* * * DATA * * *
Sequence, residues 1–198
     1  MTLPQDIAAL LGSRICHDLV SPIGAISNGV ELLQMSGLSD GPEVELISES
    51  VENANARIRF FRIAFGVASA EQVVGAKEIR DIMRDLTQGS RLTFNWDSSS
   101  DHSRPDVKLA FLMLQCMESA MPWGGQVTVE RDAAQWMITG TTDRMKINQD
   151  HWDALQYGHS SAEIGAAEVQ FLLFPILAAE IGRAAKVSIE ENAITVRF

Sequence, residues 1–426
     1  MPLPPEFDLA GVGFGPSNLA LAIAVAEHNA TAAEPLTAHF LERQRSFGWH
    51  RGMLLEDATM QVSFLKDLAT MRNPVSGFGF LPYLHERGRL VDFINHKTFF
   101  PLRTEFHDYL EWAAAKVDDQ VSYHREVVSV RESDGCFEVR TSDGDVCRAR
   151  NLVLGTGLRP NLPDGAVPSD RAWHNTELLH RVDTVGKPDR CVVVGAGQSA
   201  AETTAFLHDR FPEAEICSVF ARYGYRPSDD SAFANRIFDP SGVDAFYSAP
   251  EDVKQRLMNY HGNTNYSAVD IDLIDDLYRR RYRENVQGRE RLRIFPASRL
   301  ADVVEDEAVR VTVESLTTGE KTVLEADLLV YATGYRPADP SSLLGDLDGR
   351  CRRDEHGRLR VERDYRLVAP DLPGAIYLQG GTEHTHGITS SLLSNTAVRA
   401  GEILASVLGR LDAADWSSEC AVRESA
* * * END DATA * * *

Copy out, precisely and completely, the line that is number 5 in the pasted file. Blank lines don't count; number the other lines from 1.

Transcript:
   151  HWDALQYGHS SAEIGAAEVQ FLLFPILAAE IGRAAKVSIE ENAITVRF